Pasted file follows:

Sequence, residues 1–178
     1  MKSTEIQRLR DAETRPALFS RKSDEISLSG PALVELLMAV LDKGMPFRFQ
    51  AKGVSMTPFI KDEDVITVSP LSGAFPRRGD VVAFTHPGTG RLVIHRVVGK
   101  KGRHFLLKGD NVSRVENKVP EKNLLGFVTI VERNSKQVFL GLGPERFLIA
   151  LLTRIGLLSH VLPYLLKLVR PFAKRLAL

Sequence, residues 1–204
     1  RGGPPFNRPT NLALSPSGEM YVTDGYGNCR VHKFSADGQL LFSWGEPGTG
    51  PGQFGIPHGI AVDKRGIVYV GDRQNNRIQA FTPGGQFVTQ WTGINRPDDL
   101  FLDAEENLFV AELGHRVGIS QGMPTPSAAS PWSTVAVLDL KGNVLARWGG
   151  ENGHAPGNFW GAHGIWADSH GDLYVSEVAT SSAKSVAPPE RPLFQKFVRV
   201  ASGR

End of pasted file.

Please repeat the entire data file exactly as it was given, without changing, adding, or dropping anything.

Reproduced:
Sequence, residues 1–178
     1  MKSTEIQRLR DAETRPALFS RKSDEISLSG PALVELLMAV LDKGMPFRFQ
    51  AKGVSMTPFI KDEDVITVSP LSGAFPRRGD VVAFTHPGTG RLVIHRVVGK
   101  KGRHFLLKGD NVSRVENKVP EKNLLGFVTI VERNSKQVFL GLGPERFLIA
   151  LLTRIGLLSH VLPYLLKLVR PFAKRLAL

Sequence, residues 1–204
     1  RGGPPFNRPT NLALSPSGEM YVTDGYGNCR VHKFSADGQL LFSWGEPGTG
    51  PGQFGIPHGI AVDKRGIVYV GDRQNNRIQA FTPGGQFVTQ WTGINRPDDL
   101  FLDAEENLFV AELGHRVGIS QGMPTPSAAS PWSTVAVLDL KGNVLARWGG
   151  ENGHAPGNFW GAHGIWADSH GDLYVSEVAT SSAKSVAPPE RPLFQKFVRV
   201  ASGR